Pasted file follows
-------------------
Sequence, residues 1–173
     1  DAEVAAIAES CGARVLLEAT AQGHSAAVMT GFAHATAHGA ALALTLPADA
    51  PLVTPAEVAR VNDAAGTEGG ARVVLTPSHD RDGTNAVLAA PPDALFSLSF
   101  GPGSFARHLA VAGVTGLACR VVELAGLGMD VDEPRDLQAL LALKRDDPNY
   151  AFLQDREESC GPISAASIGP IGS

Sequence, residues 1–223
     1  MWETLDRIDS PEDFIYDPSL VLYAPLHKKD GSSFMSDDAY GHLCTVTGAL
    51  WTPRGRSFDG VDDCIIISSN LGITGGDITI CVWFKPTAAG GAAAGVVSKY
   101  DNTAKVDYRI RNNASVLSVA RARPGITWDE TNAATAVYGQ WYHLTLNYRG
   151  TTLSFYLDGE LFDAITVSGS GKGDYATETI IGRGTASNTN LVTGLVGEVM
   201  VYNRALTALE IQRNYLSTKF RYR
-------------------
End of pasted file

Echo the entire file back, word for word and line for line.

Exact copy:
Sequence, residues 1–173
     1  DAEVAAIAES CGARVLLEAT AQGHSAAVMT GFAHATAHGA ALALTLPADA
    51  PLVTPAEVAR VNDAAGTEGG ARVVLTPSHD RDGTNAVLAA PPDALFSLSF
   101  GPGSFARHLA VAGVTGLACR VVELAGLGMD VDEPRDLQAL LALKRDDPNY
   151  AFLQDREESC GPISAASIGP IGS

Sequence, residues 1–223
     1  MWETLDRIDS PEDFIYDPSL VLYAPLHKKD GSSFMSDDAY GHLCTVTGAL
    51  WTPRGRSFDG VDDCIIISSN LGITGGDITI CVWFKPTAAG GAAAGVVSKY
   101  DNTAKVDYRI RNNASVLSVA RARPGITWDE TNAATAVYGQ WYHLTLNYRG
   151  TTLSFYLDGE LFDAITVSGS GKGDYATETI IGRGTASNTN LVTGLVGEVM
   201  VYNRALTALE IQRNYLSTKF RYR